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Chapter 5 - Character Building

Setting the Scene

The main task in this chapter will be to add an NPC (Non-Player Character) to our game, though in the course of doing so we shall be looking at a number of other matters. The first task is to add another couple of locations to give our NPC somewhere to operate. He's going to be a charcoal-burner working in the forest; clearly, then, he needs a fire to tend, which we'd better put in another clearing. In order to avoid having one clearing running straight into another, we'll put a length of path in between.

Once again, you might like to have a go at implementing all this yourself before turning the page and seeing how this guide does it. First of all you need to add a 'forest path' room north of the clearing, and a 'fire clearing' room north of the forest path, remembering to add all the appropriate connections. The game map should then look like this, with the new rooms you're adding shown in pale blue:

There's no need to put any objects in the Forest Path, but in the Fire Clearing we'll want a fire, and also the smoke given off by the fire. Give some thought to what class to make these objects. In particular, smoke is not a solid physical object, so you might want to make it of a class we haven't encountered before,
Vaporous, since this has the kind of behaviour we need; it is designed for insubstantial objects such as fire, smoke and fog which you can sense but not interact with in any other way.

It is not quite right for the fire in the clearing, however, since this fire is something rather more substantial. The fire object will require some thought since quite apart from the fact that it's too big to pick up or push around, there are more immediate reasons why one would not expect Heidi to try to manipulate a burning fire. It would be tedious for you to have to write special handling for every single action the player might on the fire, however, so it may help you to know that there's a short-cut way of dealing with this: you can use
dobjFor(Default) (which means, this is what we do when the current object is the direct object of any action not explicitly defined for this object). There are some actions you will then need to explicitly allow, however, such as examining and smelling the fire.
Our new code looks like this:
forestPath : OutdoorRoom 'forest Path'
  "This broad path leads more or less straight north-south
   through the forest. To the north the occasional puff of
   smoke floats up above the trees. "
   south = clearing
   north = fireClearing

fireClearing : OutdoorRoom 'Clearing with Fire'
  "The main feature of this large clearing a large, smouldering charcoal
   fire that periodically lets off clouds of smoke. A path leads off
   to the south, and another to the northwest. "
   south = forestPath
   northwest : FakeConnector {"You decide against going that way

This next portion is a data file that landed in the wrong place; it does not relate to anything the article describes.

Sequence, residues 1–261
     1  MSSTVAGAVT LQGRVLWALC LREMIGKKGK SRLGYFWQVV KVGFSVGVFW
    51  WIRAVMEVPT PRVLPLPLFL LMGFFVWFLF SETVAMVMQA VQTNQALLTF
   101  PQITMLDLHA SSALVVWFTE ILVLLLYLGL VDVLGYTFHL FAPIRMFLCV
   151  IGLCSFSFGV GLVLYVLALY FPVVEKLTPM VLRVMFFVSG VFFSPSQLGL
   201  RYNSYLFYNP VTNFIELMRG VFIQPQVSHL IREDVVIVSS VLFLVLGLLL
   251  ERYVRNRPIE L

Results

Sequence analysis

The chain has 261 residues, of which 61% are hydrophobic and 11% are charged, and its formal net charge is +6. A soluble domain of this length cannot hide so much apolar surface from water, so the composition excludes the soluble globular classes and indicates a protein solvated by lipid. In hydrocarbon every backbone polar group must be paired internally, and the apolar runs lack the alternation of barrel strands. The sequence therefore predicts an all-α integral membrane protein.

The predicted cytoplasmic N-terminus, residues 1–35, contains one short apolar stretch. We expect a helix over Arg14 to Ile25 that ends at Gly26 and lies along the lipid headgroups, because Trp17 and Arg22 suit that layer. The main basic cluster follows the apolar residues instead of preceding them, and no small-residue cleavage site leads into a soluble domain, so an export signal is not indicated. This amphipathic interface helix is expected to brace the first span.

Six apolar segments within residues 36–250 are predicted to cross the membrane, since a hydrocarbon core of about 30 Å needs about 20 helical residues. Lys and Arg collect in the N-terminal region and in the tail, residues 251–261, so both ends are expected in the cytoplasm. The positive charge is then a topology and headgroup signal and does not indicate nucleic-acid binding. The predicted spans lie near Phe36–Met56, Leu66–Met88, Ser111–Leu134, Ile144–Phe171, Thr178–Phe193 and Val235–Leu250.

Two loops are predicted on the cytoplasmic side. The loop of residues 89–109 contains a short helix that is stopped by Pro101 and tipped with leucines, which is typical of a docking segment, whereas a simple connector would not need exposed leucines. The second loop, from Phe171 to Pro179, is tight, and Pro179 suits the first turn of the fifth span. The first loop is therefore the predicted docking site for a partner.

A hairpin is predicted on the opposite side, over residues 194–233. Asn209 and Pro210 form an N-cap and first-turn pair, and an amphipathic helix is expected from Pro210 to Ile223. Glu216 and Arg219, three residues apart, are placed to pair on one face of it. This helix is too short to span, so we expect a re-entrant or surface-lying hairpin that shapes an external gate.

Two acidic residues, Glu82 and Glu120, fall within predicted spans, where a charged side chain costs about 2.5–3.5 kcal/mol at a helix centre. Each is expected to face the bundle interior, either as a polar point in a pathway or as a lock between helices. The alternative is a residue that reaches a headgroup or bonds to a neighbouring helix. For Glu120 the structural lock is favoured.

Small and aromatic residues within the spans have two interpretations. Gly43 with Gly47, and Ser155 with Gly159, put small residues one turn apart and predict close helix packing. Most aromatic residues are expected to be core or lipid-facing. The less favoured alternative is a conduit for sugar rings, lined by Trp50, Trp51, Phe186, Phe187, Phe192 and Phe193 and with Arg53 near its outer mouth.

right now. "}

+ fire : Fixture 'large smoking charcoal fire' 'fire'
   "The fire is burning slowly, turning wood into charcoal. It nevertheless
   feels quite hot even from a distance, and every now and again lets out
   billows of smoke that get blown in your direction. "
     verify() {}
     action() { inherited; }
   dobjFor(Smell) remapTo(Smell, smoke)
     verify() { illogical('The fire is best left well alone; it\'s 
     <i>very</i>  hot and {you/he} do{es}n\'t want to get too close.<.p>');}


+ smoke : Vaporous 'smoke' 'smoke'
  "The thick, grey smoke rises steadily from the fire, but gusts of wind 
    occasionally send billows of it in your direction. " 
  smellDesc = "The smoke from the fire smells acrid and makes you cough. "   
There's one further change we need to make before trying any of this out, and that's to change the north property of clearing to read:
north = forestPath  
There's not a lot here that's new in principle, but one or two things about the fire and smoke objects merit some further explanation.
So we start by defining the fire as a Fixture, since it certainly isn't the sort of thing one would walk away with. We have used dobjFor(Default) to stop most actions on the fire at the verify stage since this makes reasonably good conceptual sense, it should seem illogical to the player to take, eat, or move a fire; it also conveniently stops it before the display of default messages defined in the check() or action() methods of dobjFor the various verbs on any of Fixture's superclasses, such as Thing. But, since left to itself, dobjFor(Default) would trap all actions on the fire, we need to make Examine carry out its inherited behaviour. Finally, since it would not be unreasonable to smell the fire, we allow for that also, in this case by redirecting the action to the smoke emanating from the fire.

Getting Started in TADS 3
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